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5 Home Entry Waypoints Critters Sneak Into

Raccoons, similar to most other wild animals, are opportunists. They’re capable of taking advantage of even the smallest hole or structural weakness to chew, scratch, and squeeze their way into your home. Though their cute appearance suggests otherwise, raccoons are not meant to live happily ever after amongst homeowners. So, the most important step in keeping your home raccoon-free is securing weak areas against future intrusions. The best place to start is by performing a complete inspection of your home’s exterior, including the roof. Every house is unique, which is one of the many reasons why it is important to have your home inspected by an experienced wildlife professional.

A trained wildlife specialist will be able to recognize potential points of entry as well how to secure them to protect your home. Over our 25+ years of experience, we have seen and repaired every type of raccoon entry hole imaginable.

This post will cover several of the most common ways critters can get into your home.

Roof Soffit Intersections

Raccoons are often able to enter your house through roof-soffit intersections (RSI). A roof-soffit intersection refers to any area on your roof where the soffit rests just above a section of the roof. Typically, these sections are located where an upper and lower roof meet and make for an ideal entry point (for animals besides raccoons too). Raccoons use the roof for leverage and open flimsy soffits made from thin aluminum or plastic. Once the soffit is opened, they can easily gain access to the entire attic.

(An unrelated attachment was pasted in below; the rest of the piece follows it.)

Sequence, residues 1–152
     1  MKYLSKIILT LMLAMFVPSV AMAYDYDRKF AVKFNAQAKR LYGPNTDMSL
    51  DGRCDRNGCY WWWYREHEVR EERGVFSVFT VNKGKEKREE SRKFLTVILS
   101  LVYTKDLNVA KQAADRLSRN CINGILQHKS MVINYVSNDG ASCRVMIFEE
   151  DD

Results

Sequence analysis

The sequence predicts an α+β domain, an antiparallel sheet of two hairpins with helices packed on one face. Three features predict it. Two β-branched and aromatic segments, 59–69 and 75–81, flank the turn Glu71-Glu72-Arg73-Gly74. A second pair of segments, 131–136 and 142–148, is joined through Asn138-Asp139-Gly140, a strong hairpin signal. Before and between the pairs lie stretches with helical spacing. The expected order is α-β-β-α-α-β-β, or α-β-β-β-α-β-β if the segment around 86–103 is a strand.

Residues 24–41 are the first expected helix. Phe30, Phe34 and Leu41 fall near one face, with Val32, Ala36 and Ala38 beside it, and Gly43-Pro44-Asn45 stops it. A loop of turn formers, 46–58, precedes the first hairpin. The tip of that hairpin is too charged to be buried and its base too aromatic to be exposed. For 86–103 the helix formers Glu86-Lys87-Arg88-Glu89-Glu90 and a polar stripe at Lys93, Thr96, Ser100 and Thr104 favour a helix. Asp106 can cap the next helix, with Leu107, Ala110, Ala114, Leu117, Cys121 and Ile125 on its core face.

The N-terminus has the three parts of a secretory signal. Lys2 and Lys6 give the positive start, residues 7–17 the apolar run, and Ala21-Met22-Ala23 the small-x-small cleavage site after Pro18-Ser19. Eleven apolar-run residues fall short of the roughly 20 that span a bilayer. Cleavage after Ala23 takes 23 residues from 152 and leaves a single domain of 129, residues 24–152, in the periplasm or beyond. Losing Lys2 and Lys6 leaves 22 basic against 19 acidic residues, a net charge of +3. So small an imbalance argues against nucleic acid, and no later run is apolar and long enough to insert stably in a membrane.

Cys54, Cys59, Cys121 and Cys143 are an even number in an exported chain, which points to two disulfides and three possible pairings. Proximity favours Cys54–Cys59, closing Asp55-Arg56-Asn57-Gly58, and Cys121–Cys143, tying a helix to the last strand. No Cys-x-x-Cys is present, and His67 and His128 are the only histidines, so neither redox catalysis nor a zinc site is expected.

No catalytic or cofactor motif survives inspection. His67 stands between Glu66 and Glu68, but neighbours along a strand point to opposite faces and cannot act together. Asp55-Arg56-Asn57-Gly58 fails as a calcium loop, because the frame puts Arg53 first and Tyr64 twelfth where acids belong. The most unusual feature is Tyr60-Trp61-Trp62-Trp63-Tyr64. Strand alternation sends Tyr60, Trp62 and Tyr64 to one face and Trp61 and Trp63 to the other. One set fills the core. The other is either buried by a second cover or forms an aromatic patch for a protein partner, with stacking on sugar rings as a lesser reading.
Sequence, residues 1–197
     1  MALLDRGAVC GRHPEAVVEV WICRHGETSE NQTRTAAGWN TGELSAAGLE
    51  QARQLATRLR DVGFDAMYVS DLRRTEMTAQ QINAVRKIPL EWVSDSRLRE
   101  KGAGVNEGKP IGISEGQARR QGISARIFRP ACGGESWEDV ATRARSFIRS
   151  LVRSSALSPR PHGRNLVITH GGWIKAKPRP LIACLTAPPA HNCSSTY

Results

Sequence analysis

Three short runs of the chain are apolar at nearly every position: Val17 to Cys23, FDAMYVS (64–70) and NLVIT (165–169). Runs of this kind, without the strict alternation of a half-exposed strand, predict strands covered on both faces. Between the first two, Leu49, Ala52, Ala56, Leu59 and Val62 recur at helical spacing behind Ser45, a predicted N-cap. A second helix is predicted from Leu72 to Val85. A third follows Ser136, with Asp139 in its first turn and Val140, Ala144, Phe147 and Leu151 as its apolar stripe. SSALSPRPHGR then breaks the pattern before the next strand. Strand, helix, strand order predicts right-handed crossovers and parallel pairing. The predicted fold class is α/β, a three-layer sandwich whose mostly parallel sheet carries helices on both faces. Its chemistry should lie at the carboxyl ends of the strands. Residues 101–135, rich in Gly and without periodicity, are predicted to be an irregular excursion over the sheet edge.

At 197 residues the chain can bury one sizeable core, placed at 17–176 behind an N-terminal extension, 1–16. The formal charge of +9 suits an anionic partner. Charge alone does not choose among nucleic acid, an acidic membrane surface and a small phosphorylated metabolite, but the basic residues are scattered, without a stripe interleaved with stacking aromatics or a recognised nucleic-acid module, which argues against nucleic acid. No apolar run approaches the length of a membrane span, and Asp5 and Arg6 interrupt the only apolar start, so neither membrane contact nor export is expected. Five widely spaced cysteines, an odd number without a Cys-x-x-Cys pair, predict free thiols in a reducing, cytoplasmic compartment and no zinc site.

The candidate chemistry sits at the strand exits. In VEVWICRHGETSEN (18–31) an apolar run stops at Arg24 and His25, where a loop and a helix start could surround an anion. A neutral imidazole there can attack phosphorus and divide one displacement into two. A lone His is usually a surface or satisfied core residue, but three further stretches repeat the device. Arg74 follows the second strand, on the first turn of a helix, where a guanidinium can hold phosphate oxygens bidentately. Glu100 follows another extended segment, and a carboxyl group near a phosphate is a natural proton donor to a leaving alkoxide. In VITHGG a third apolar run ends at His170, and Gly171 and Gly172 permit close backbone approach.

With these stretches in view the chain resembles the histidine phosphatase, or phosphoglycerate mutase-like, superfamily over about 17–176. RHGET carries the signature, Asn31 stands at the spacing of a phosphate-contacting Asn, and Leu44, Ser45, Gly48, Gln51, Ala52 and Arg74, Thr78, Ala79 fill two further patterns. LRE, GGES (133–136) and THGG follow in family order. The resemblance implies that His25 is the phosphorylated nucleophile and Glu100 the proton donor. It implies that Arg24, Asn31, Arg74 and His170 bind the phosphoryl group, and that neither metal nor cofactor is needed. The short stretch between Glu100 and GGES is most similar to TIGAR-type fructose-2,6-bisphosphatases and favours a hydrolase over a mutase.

Edge Of The Roof

The edge of your roof is a particularly vulnerable area for raccoon intrusion. Specifically, you should keep an eye on where the eaves trough meets the house. The eaves trough is designed so that all rain and melted snow on the roof must pass through. High amounts of moisture, as well as continuous freezing and thawing deteriorate this area of the roof faster than any other section. Opportunistic raccoons easily chew and tear away any rotted wood to gain access to the attic.

Roof Vents

Raccoons have been known to take advantage of roof vents to enter homes. Roof vents are designed to allow air circulation within your attic; however, raccoons have the ability to fee the air escaping from the attic. Once they feel this air, they become intrigued and attempt to destroy the vent cover so they can access the warmth inside. Again, plastic or aluminum vent covers are no matches for powerful raccoons.


Mother raccoons view the bottom of your chimney as an ideal place to nurse babies, which makes sense. Chimneys mimic the feeling of a hollowed out tree cavity, allowing mature raccoons to simply shimmy up and down in search of shelter and protection during the colder months. Once they’re inside, raccoons will make their home on top your fireplace’s damper. Fortunately, you can purchase HYC Brand chimney caps from Wildlife Control Services to prevent raccoons from getting inside.

Plumbing Mats

On most homes, there are cylindrical vents on the roof, which connect to your plumbing system. These cylindrical vents act as an exhaust for sewer gases (which is why your house does not smell after consistent bathroom usage).

When a plumbing vent is initially installed, a contractor will cut through the roof to extend the pipe outside. To make it easier to run the plumbing, the hole in the roof is usually cut much larger than the pipe. Following this, the open space is then covered with a rubber matting. Unfortunately, raccoons can pull and tear at this mat to squeeze themselves into the attic through the hole underneath.

Wildlife Control Services

We always strive to provide the customer and the wildlife with the safest and most effective management techniques at our disposal. We use ecologically sound and integrated control techniques in resolving human and animal conflicts.

Call Wildlife Control Services @ 860-236-2683